Schellingstraße during the wartime bombing and today. The street has a number of sites associated with the NSDAP era:
Nazi Party offices Schellingstraße 50
This is where Hitler met Eva Braun for the first time as she worked in the new shop of Hoffmann, opened in 1913, on Schellingstraße 50. They first met in 1929, when he was 40 and she was 17. She worked in a Munich camera shop run by his official photographer, Heinrich Hoffmann. According to Hoffmann's daughter, Hitler's opening line was: "May I invite you to the opera with me, Fräulein Eva? You see, I'm surrounded by men and I know what a pleasure it is to enjoy female company." 
  Eva was the middle of the three daughters of Fritz Braun, a  master craftsman from Simbach on the Inn. She was a pretty, empty-headed blonde, with a round face and blue eyes, who  worked as a shop girl in Hoffmann's photographer's shop. Hitler met her there, paid her a few casual compliments, gave her flowers, and occasionally invited her to be one of his party on an outing. The initiative was all on Eva's side: she told her friends that Hitler was in love with her and that she would make him marry her.
Bullock (394)
Dates at the cinema and restaurants followed. From 1925 until 1931 the NSDAP-headquarters were here. The Reichsadler is still above the door even though, as can be seen in the 'then and now' photos above, the exterior has been changed completely.

Inside, with the Blutfahne flanked by two standards. The photo on the right shows Hitler conducting a meeting in the building 1928. Also present in the photo are Alfred Rosenberg, Gregor Strasser, Heinrich Himmler and Julius Streicher.

Schelling Salon
Having lunch at the Schelling Salon. I'm going to quote from my copy of the 'Past Finder Zik Zak' of Munich, which is based on Maik Kopelek's series of books, although the fold-out map hasn't any author mentioned:
"Family-owned since 1872... Hitler is said to have often left without paying; Lenin never did! Worth seeing: the stone urinals in the cellar."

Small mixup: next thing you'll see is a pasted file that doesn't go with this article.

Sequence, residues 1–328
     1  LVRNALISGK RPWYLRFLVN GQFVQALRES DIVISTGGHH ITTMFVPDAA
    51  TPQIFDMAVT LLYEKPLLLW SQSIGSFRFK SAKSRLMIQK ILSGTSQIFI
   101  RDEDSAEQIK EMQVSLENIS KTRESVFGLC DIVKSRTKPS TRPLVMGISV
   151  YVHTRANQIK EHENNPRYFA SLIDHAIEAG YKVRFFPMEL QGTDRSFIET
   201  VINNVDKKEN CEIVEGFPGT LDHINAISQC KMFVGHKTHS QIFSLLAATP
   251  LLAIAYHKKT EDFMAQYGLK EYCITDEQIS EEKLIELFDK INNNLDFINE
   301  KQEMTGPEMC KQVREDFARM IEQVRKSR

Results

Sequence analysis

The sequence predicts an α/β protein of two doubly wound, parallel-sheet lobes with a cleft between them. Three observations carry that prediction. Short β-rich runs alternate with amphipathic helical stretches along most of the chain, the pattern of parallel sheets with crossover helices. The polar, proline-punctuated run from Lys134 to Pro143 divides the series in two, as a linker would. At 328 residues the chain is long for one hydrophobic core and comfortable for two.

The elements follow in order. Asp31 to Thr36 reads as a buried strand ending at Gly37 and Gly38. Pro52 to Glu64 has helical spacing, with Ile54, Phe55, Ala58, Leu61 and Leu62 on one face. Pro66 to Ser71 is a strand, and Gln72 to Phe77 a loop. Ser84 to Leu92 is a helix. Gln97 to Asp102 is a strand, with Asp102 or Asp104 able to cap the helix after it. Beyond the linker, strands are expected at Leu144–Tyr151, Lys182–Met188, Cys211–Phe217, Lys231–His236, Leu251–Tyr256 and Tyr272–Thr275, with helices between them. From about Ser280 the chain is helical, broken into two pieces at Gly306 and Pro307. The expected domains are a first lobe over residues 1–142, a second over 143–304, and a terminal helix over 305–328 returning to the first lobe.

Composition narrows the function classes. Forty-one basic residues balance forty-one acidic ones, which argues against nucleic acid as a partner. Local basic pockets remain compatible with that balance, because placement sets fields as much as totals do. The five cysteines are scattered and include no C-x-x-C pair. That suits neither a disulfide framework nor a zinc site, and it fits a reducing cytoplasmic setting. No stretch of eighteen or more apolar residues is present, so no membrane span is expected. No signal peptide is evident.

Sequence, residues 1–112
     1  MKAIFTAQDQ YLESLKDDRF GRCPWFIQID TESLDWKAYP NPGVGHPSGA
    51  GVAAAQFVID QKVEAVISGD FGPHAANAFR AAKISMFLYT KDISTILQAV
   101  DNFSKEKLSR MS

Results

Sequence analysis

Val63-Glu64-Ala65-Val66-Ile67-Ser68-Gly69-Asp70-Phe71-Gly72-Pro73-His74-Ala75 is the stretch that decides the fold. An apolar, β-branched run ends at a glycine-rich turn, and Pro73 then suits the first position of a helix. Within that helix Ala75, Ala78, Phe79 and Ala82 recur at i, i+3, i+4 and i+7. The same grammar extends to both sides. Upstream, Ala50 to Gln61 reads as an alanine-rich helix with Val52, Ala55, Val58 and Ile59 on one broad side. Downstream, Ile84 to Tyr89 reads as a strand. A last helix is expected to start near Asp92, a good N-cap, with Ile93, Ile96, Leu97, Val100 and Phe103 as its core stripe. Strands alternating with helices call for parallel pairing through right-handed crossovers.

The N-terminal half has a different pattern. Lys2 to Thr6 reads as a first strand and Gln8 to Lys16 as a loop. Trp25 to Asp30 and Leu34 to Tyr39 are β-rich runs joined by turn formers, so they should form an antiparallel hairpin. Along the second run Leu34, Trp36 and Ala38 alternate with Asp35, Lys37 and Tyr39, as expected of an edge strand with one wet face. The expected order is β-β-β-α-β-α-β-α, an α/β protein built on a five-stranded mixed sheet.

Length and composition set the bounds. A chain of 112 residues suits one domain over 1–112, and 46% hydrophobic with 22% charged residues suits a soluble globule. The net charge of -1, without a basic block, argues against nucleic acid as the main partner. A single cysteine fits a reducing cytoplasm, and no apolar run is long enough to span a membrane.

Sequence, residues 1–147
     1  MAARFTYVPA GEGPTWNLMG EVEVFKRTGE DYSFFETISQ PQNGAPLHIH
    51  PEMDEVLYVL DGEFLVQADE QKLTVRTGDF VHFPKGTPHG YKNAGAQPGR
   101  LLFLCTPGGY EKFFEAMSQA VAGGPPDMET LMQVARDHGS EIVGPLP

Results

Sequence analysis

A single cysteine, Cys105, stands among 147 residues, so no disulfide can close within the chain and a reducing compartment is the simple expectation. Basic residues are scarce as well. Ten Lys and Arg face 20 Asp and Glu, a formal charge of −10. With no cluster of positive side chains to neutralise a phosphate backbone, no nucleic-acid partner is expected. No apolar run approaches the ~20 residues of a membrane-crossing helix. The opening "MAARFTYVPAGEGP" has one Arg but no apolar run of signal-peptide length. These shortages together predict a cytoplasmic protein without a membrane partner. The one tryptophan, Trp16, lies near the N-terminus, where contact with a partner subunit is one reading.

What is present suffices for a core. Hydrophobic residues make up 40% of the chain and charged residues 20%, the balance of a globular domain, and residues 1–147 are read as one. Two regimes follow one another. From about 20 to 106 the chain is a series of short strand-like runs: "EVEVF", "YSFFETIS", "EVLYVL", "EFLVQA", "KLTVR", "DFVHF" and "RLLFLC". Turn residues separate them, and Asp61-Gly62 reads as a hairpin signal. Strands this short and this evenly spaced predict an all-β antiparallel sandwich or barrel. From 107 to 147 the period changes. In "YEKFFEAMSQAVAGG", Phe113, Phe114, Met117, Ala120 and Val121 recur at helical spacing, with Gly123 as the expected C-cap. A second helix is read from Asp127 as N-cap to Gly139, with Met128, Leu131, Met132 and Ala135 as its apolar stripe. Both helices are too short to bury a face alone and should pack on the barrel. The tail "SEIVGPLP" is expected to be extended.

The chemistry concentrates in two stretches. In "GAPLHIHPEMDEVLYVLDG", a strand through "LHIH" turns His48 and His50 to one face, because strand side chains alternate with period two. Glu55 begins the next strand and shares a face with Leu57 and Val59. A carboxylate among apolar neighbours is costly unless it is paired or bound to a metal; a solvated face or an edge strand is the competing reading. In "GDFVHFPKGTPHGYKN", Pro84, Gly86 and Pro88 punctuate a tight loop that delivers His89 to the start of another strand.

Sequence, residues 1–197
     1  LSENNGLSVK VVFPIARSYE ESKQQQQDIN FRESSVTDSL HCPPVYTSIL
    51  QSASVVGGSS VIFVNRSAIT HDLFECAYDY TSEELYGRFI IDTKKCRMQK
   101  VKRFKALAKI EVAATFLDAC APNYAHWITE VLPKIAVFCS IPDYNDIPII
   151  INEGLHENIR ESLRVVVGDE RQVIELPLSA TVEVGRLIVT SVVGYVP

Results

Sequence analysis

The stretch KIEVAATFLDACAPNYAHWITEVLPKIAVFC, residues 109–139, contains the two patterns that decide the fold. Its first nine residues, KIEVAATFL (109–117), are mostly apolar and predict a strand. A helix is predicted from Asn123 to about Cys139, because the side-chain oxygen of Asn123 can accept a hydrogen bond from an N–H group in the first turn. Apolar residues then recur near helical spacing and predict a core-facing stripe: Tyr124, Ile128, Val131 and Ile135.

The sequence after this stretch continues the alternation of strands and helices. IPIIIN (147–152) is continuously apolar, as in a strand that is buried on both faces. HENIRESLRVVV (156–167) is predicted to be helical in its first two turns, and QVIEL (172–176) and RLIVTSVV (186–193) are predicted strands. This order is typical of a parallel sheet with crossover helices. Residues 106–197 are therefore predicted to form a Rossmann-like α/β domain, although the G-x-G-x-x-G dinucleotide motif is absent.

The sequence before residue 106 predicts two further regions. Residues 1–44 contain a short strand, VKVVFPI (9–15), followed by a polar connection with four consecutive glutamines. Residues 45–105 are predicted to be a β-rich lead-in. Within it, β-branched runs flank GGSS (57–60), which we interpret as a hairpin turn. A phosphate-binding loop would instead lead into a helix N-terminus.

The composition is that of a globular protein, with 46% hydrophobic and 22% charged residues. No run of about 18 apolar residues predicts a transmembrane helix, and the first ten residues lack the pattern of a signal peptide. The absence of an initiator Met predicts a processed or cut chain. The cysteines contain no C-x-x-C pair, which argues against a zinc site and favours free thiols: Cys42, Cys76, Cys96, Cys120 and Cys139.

Claimed to have been used by Lenin, Hitler and Franz Josef Strauss.
When banned from entering for refusal to pay his bills, Hitler then moved down the road to the
Osteria Bavaria
Now the Osteria Italiana, this was apparently Hitler's favourite restaurant where he would have his "Stammtisch" and where he wooed Eva Braun who worked, one block down the street, as a clerk and bookkeeper, at Heinrich Hoffmann's photography studio. Clearly little has changed. It was here that, according to Irving (100) in Hitler's War, that
Hitler himself had sketched the rough outlines for the House of Art, using the back of an Osteria menu, one day in 1931 – a gallery of stern Grecian lines which even today is mocked as Munich’s 'Athens Station.’


Irving also quotes Goebbels's diary (in an excessively misleading way that Evans castigates in Lying About Hitler) wherein he records that it was here that he had reported to Hitler about the events of Reichskristallnacht:
[Hitler] is in agreement with everything. His views are quite radical and aggressive. The Aktion itself went off without a hitch. A hundred dead. But no German property damaged.’ Each of these five sentences was untrue, as will be seen. With minor alterations the Führer authorizes my decree re: breaking off the Aktionen. I issue it immediately through the press. The Führer wants to proceed to very harsh measures against the Jews. They must repair their shops themselves. The insurance companies will pay them nothing. Then the Führer wants Jewish businesses gradually expropriated and their owners compensated with paper which we can [word illegible: devalue?] at any time. Meanwhile people are starting with their own Aktionen. I issue appropriate secret decrees. We’re waiting to see the repercussions abroad. For the time being there is silence there. But the hullabaloo will come.